Babies Fail a Lot

Albina White/

Okay, you have a worthwhile goal and are experiencing difficulties. The going is getting pretty tough. You’re trying to learn a language, or how to plant a garden, or even how to fly a helicopter. You’ve encountered obstacles that seem insurmountable. You’re failing, and your initial resolve has been lost. What next? Thinking about quitting? Before you do, first think about babies.

That’s right, babies. We can learn a lot from little humans. 

Have you ever observed the process of an infant learning to walk? What do they do? After they’re comfortable standing, they begin to cruise, holding onto furniture for support as they move about. Eventually, it’s time to let go of the furniture and take those first few steps independently. 

What invariably happens when a baby does this? You guessed it—they fall. Not once or twice, but multiple times. They fall over and over. For a baby, falling is the equivalent of failing. And what does a young human do each time they fall (fail)? They get right back up and try again. Babies are persistent when learning to walk. They have committed to their goal of getting around the world on two feet and will persevere until they have achieved it, regardless of the number of times they fail. 

Imagine if babies gave up trying to walk after falling once or twice. The world would be filled with adults crawling all over the place. Although it’s a humorous thought, it’s not a sensible one. 

If you have a worthwhile goal and are encountering difficulties, learn from the youngest of our species and resolve to continue until you have attained what you have been striving for. 

Thank you for taking the time to read this post. As always, I hope you enjoyed it and found it informative. If you know of anyone that may benefit, please feel free to share it. 

FitMinute Podcast

I had a great conversation with Gabrielle Mazar on her podcast. The episode was called “The True Impact of Lifestyle on Your Health” and a lot of valuable information was shared.

Topics discussed include the importance of awareness about the foods you eat (they may not be as healthy as you think), the pillars of a healthy lifestyle and the reasons why your genes do not control your destiny.

Please click the link below to if you’d like to listen:

Feel free to share your thoughts in the comments or via the Contact page of this website.

Enjoy and be well!

Closing the Gap

Pietro Saura/

Have you been a couch potato for too long? Do you want to finally do something about it? If so— kudos to you!  One of the first things you should do is set specific health goals so that you have a depiction of where you currently are (point A) and where you wish to be (point B). Moreover, it may turn out that the gap between A and B is substantial, and consequently, many changes are required in order to close this gap.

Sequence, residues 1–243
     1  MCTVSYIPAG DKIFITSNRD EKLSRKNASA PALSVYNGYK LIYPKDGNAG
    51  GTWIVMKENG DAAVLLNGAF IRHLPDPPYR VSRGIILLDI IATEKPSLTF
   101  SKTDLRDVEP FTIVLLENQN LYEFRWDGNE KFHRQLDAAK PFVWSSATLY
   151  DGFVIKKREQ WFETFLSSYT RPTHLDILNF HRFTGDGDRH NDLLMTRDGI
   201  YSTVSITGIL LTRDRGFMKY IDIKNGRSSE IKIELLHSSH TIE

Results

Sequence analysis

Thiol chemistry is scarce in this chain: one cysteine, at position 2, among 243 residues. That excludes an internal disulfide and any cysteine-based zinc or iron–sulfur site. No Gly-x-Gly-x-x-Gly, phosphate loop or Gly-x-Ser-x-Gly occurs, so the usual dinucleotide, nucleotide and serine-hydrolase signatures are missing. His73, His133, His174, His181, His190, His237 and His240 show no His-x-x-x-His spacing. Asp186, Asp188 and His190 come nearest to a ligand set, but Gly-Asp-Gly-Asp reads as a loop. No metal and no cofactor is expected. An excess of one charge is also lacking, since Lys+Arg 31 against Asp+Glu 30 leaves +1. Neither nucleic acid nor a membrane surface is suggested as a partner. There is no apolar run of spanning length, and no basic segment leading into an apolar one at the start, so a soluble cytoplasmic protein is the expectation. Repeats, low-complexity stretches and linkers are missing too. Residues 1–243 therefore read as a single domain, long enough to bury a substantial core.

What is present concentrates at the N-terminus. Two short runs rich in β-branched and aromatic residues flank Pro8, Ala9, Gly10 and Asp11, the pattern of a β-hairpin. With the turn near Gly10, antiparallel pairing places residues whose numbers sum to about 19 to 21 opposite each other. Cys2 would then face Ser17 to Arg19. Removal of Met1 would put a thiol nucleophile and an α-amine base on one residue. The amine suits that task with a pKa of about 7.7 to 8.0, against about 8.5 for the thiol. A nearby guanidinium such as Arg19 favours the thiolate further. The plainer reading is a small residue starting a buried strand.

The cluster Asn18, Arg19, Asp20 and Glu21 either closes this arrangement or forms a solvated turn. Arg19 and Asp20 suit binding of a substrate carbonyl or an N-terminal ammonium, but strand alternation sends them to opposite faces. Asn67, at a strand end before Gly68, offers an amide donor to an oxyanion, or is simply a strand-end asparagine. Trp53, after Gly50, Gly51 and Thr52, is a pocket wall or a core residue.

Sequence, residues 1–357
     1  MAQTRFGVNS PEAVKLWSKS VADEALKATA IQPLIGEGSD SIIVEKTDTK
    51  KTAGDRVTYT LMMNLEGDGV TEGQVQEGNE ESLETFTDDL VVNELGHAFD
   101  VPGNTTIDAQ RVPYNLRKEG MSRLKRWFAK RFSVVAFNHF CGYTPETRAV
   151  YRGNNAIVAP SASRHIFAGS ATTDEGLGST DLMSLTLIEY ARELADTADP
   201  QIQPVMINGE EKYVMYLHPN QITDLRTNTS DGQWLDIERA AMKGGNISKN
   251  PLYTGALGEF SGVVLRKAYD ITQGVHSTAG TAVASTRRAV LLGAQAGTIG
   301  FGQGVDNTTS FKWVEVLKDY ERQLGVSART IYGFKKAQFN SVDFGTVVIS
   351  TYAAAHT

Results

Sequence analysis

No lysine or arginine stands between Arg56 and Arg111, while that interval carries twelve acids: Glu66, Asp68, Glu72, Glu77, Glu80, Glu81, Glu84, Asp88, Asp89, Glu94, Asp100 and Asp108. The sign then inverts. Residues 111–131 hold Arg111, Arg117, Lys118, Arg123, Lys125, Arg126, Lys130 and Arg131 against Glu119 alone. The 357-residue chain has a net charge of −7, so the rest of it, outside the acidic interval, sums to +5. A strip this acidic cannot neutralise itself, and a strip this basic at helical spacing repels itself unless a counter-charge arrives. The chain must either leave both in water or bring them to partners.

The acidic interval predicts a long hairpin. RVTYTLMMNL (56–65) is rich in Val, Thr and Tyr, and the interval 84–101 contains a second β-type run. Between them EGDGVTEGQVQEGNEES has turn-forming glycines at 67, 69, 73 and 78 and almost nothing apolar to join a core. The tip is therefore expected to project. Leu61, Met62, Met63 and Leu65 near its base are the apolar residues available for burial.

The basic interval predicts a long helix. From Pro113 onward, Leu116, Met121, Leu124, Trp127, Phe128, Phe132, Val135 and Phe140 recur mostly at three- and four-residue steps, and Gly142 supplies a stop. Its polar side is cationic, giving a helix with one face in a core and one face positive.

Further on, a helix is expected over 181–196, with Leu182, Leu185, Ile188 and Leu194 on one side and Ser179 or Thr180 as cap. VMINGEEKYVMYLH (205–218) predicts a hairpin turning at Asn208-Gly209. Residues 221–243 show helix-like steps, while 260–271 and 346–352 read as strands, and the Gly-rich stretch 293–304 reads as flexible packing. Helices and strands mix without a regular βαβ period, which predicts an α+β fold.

Some people in this situation may be able to successfully make significant life changes in a short time to bring them closer to attaining their goals. However, this may prove too difficult for most people, and attempting to make extensive changes quickly can easily be a set-up for failure. I submit that making gradual and progressive small changes over time is a much better way to achieve big goals and close the gap. In short, for most people, baby steps are the way to go.

I wonder how many people reading this have a treadmill that now serves as a wardrobe. You purchased the treadmill with a strong desire to exercise and become healthier, which you did at the outset. However, over time, your commitment to becoming physically fit began to wane, and the treadmill began collecting dust. Not too long afterward, it began collecting piles of clothes. It is now difficult to even recognize it as a treadmill.

What can you do? The answer is to take baby steps. If you resolve to exercise consistently, make gradual changes. Start by removing a few articles of clothing each day over the course of a week. Now take a look at it—you actually have a treadmill again. Next, use it to take a five-minute walk. Over the following weeks, take longer walks and then short jogs. Then, begin to take longer runs on your brand-new closet-turned-exercise machine. You’ll feel great, have a lot of fun, and will be doing magnificent things for your health. 

In most instances, consistent and progressive baby steps are the best way to close the gap and accomplish big goals.

Thank you for taking the time to read this post. I hope that you have enjoyed it and found it informative. Please feel free to share it with anyone you think may benefit.